JACKSONVILLE – Let's get to it …
Jim from Middleburg, FL:
This season is flying by, so I guess we are all having a good time, right? Reading your email must be depressing. What a shame, because the Jags are having a great season. Too bad they don't know it.
John: I get more than a few emails these days wondering why fans can't enjoy the Jaguars' season – and it's true more emails to this forum express concern or anger than joy. But here's the thing: people are more apt to ask about weaknesses or mistakes than good things. That's human nature – and as a certain brilliant observer of the human condition often says, "Fans gonna fan." But that doesn't mean fans aren't enjoying this season. My sense from speaking to fans on the occasions when I venture into public undisguised is fans absolutely are excited and enjoying this season. There's a real energy around this city, and I feel an uptick in excitement as the upcoming three-game home stand approaches. So, why so much of the aforementioned anger and concern? Because fans understandably want more than a 7-4 start. They want the Jaguars to make the playoffs. They want the Jaguars to win once they're there. That's what fans are supposed to want— to win every game, and to be furious and even irrational when they lose. The emotions Jaguars fans are expressing and feeling now are the emotions of a contending team with a chance at the postseason. It has been too long time since Jaguars fans have felt them – and trust me, they're having a good time. Even if some of them don't realize it.
Tim from Doboy Island, GA:
Too many people are knocking Leonard Fournette recently. When we drafted him, I was hoping and expecting the next Adrian Peterson or Fred Taylor, but that was wrong and I've had to change my expectation. When the line blocks and creates a hole, Fournette can do more than any running back in the league because of his size and breakaway speed. But if he doesn't have a hole, he can't create something out of nothing the way AP and Fred could. He is a different kind of runner and not quite at their level in that regard. For people to blame him Sunday is to expect something he isn't good at. Until the line starts blocking or the passing game threatens opponents, don't expect much to change in terms of the run game. Go Jags!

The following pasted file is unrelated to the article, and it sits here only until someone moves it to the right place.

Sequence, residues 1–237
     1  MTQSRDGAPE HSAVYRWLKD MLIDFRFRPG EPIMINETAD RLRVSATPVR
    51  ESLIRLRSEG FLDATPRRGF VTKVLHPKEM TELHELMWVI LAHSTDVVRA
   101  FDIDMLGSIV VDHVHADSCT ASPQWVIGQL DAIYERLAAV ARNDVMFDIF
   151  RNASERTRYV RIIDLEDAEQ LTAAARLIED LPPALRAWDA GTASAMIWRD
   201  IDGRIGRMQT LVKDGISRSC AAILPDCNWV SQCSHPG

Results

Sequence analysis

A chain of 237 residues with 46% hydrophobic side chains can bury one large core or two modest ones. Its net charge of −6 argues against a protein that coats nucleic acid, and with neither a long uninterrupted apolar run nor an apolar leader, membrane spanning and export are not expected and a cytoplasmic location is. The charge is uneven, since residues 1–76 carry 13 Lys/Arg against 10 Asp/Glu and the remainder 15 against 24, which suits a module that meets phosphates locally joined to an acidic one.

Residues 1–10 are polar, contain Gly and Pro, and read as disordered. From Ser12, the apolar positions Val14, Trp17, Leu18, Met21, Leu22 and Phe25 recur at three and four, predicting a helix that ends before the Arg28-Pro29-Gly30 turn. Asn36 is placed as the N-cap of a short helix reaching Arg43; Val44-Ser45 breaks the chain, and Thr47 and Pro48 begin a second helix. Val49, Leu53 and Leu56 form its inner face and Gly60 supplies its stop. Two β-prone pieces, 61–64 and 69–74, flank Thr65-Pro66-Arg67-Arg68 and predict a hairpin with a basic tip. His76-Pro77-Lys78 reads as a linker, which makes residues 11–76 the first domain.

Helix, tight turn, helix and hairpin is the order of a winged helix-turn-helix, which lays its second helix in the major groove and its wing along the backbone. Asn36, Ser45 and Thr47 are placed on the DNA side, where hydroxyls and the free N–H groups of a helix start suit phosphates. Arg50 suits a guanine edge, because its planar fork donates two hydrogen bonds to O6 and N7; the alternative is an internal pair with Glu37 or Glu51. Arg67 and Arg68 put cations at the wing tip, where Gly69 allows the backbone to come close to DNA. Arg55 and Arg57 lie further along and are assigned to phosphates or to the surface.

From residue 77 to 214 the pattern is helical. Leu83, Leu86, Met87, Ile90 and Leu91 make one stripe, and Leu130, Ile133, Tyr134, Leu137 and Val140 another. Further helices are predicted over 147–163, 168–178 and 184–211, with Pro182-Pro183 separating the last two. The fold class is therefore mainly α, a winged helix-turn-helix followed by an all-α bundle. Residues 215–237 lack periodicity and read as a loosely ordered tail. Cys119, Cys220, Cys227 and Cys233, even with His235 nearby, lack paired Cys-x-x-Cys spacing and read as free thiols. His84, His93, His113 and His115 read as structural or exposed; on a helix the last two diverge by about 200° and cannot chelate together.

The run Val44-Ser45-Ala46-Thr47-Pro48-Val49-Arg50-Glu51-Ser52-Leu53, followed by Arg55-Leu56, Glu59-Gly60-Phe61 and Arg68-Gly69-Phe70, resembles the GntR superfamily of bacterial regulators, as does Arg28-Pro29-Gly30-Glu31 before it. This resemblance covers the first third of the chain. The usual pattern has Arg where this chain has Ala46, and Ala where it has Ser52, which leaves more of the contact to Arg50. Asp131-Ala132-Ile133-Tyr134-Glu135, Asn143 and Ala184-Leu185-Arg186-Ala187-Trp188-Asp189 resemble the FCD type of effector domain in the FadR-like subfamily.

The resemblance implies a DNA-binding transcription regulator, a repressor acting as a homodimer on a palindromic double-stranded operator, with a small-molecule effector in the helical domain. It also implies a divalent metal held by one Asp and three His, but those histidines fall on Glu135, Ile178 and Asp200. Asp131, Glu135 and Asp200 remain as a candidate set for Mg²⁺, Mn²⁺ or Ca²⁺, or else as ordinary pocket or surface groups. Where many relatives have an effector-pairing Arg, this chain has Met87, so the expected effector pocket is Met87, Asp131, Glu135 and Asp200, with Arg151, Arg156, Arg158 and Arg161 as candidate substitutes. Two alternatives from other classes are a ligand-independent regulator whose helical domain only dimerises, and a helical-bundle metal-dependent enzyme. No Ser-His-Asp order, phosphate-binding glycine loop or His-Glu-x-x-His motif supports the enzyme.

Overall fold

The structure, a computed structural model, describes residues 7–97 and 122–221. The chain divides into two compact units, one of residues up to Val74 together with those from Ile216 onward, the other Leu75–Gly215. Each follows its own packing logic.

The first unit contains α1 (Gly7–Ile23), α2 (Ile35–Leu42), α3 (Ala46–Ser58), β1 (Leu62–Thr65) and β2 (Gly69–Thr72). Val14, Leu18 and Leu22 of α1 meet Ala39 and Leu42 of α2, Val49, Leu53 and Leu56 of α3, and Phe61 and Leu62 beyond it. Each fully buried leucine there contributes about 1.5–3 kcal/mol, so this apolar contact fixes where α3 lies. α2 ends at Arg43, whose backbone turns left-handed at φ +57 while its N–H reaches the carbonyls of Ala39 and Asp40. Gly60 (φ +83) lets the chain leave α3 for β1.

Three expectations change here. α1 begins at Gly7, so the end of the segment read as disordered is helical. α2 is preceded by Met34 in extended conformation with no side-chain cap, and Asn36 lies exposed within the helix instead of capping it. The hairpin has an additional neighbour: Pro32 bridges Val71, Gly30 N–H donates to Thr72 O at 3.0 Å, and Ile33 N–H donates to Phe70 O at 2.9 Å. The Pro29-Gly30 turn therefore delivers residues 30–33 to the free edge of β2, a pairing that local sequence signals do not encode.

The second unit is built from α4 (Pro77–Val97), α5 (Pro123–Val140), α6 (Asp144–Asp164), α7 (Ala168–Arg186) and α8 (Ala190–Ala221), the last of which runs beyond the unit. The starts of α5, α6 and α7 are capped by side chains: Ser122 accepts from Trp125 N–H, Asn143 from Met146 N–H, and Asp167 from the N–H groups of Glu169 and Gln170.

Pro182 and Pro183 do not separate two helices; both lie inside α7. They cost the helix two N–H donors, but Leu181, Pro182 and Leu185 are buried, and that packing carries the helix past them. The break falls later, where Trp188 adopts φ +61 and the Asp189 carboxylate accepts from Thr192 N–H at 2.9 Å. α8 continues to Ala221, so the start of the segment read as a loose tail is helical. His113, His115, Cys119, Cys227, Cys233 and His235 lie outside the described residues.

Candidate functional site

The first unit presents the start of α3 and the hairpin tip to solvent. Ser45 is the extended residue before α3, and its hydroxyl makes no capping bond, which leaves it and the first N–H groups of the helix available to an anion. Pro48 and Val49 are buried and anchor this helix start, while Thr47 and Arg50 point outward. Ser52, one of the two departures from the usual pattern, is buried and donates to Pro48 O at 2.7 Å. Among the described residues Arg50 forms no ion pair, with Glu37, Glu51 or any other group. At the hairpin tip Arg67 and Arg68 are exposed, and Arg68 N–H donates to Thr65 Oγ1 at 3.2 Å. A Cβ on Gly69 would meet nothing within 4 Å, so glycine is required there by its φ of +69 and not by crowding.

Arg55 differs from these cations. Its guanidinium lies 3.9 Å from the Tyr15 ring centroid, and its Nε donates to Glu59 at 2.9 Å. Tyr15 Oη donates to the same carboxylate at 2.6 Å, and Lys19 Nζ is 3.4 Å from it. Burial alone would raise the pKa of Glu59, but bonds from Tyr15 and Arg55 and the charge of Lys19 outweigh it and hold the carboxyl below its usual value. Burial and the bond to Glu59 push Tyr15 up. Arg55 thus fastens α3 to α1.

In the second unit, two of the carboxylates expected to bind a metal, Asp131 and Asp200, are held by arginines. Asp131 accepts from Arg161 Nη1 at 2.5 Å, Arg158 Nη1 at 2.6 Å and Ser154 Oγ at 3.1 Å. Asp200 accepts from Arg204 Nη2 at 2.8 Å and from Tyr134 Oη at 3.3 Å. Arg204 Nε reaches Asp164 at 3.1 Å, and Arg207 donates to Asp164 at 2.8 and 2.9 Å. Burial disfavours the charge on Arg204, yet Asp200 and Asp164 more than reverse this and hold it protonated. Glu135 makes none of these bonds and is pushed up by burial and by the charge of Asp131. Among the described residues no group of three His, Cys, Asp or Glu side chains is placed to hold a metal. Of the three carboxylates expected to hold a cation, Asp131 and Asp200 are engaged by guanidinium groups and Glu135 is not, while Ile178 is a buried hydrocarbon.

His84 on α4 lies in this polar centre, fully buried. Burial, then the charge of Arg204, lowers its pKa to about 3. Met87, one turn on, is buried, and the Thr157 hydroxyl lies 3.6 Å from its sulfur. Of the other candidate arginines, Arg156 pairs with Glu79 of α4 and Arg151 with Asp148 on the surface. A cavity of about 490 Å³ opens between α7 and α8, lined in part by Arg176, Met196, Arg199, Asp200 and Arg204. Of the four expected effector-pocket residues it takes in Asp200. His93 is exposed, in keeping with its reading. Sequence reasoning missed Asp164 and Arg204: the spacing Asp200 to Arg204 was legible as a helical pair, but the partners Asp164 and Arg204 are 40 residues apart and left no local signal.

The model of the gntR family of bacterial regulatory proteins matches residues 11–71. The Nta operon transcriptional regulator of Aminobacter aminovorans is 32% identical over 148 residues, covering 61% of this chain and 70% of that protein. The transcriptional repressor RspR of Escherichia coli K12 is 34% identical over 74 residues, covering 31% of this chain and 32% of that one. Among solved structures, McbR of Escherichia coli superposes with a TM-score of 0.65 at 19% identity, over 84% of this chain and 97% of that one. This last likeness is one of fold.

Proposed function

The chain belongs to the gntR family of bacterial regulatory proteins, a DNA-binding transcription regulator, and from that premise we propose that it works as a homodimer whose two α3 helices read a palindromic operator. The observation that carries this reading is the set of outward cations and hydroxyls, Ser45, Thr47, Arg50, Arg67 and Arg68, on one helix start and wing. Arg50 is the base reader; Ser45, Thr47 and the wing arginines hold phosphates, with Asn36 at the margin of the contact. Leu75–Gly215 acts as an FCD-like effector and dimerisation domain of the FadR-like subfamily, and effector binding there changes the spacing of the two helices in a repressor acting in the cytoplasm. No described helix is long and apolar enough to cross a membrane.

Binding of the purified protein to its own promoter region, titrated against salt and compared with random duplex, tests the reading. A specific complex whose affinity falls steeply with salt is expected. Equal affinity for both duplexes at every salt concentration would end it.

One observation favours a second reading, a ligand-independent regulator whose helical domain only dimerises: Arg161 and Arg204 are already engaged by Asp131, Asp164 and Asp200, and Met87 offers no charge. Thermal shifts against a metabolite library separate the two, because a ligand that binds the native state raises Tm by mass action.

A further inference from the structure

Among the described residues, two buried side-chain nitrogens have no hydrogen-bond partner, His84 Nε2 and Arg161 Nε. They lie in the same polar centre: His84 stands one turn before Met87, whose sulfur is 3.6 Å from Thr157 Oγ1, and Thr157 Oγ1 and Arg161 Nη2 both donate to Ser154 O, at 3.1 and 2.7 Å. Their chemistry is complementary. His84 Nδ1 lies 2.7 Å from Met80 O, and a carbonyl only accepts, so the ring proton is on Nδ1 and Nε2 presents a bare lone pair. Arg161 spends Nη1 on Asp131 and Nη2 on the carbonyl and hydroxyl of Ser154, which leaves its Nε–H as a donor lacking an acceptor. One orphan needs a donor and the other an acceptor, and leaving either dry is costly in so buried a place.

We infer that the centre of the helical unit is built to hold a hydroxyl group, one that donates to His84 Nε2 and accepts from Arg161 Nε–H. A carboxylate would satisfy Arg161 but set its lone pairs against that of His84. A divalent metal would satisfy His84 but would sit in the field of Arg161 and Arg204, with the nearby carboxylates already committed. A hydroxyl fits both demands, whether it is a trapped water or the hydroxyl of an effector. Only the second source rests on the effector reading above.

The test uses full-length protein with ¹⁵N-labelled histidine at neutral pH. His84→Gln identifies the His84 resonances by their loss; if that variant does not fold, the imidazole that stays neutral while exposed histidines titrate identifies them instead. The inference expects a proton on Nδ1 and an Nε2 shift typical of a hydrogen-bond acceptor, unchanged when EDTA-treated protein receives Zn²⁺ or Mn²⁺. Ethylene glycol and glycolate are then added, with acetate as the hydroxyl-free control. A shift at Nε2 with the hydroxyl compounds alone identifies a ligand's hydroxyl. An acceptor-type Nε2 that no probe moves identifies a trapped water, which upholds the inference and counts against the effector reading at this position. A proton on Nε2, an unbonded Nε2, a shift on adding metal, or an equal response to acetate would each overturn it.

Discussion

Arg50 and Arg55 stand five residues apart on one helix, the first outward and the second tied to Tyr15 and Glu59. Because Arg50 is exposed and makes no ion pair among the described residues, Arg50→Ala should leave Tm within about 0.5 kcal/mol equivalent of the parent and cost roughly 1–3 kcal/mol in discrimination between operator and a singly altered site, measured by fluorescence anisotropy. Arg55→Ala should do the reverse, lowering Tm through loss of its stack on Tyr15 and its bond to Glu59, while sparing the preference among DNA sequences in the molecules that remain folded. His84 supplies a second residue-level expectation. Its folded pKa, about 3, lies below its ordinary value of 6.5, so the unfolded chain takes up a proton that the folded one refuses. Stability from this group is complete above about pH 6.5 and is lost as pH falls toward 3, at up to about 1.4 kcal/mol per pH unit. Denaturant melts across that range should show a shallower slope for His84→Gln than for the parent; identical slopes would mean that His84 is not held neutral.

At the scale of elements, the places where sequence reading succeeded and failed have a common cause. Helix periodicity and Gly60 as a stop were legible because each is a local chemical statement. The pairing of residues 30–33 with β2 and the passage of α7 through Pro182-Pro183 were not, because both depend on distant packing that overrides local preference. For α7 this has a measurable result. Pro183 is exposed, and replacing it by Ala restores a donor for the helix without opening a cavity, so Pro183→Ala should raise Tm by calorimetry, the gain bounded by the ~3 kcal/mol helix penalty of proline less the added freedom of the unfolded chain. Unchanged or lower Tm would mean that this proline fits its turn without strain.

John: I haven't received many emails knocking Fournette, and I hadn't heard many people blaming him for Sunday's loss – and to either knock him or blame him would be silly. To your point: while Taylor and Peterson are indeed two of the better backs of their generations, I don't know that they faced defenses quite so bunched up to stop the run as Fournette has faced this season. I'm relatively certain, for instance, no team played a goal-line defense in the middle of the field to stop either of those players as the Los Angeles Rams did in October against Fournette. The Jaguars' passing game hasn't been able to be efficient enough – and at times, the line hasn't blocked well enough against the fronts – to give Fournette adequate opportunity. It's true he has struggled against bunched fronts. But I honestly don't know how well any back past or present would fare under these circumstances.
Jackson from Jacksonville:
Leonard Fournette was held to minimal yardage against Arizona so how should the Jaguars plan to attack the run game in the future?
John: Keep running – and block better. And hope you can do something to get some defenders out of the box – i.e., hit some deep passes. At this point, there honestly isn't that much more to scheme. If there were, the Jaguars would have … you know … schemed it.
Will from Jacksonville:
Do you think Corey Grant will finally get a decent look on offense soon? It just seems every time he runs with the ball there is a chance for a huge play but for some reason the coaches seem stubborn about playing him on offense, preferring to play an injured Fournette and ineffective Chris Ivory. I hope he gets a good look soon.
John: I doubt you'll see a dramatically increased role for Grant, but I agree he brings a serious threat of a big play. He has made them routinely on special teams, but it's tricky to give him an every-down role because of his size. Considering that the Jaguars' offense is having trouble putting together sustained drives, would it make sense to try to install a package or two to get explosive plays from Grant offensively? There's some logic there.